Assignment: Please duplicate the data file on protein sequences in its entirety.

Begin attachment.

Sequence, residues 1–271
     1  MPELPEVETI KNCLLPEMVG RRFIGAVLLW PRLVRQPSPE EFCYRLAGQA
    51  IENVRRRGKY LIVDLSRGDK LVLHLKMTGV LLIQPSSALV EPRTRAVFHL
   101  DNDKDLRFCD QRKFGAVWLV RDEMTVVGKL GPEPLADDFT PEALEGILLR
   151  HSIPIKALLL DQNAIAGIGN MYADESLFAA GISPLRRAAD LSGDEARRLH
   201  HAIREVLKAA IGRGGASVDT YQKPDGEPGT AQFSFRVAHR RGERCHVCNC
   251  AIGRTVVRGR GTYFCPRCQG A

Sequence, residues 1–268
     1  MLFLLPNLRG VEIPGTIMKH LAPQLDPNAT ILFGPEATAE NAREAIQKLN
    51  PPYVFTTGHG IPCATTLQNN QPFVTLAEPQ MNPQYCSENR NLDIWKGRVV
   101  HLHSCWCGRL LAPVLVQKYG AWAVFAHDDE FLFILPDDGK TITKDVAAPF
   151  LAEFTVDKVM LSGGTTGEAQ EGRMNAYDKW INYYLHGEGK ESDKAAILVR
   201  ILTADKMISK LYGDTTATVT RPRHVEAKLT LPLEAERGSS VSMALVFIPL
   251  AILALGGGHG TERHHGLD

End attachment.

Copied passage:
Sequence, residues 1–271
     1  MPELPEVETI KNCLLPEMVG RRFIGAVLLW PRLVRQPSPE EFCYRLAGQA
    51  IENVRRRGKY LIVDLSRGDK LVLHLKMTGV LLIQPSSALV EPRTRAVFHL
   101  DNDKDLRFCD QRKFGAVWLV RDEMTVVGKL GPEPLADDFT PEALEGILLR
   151  HSIPIKALLL DQNAIAGIGN MYADESLFAA GISPLRRAAD LSGDEARRLH
   201  HAIREVLKAA IGRGGASVDT YQKPDGEPGT AQFSFRVAHR RGERCHVCNC
   251  AIGRTVVRGR GTYFCPRCQG A

Sequence, residues 1–268
     1  MLFLLPNLRG VEIPGTIMKH LAPQLDPNAT ILFGPEATAE NAREAIQKLN
    51  PPYVFTTGHG IPCATTLQNN QPFVTLAEPQ MNPQYCSENR NLDIWKGRVV
   101  HLHSCWCGRL LAPVLVQKYG AWAVFAHDDE FLFILPDDGK TITKDVAAPF
   151  LAEFTVDKVM LSGGTTGEAQ EGRMNAYDKW INYYLHGEGK ESDKAAILVR
   201  ILTADKMISK LYGDTTATVT RPRHVEAKLT LPLEAERGSS VSMALVFIPL
   251  AILALGGGHG TERHHGLD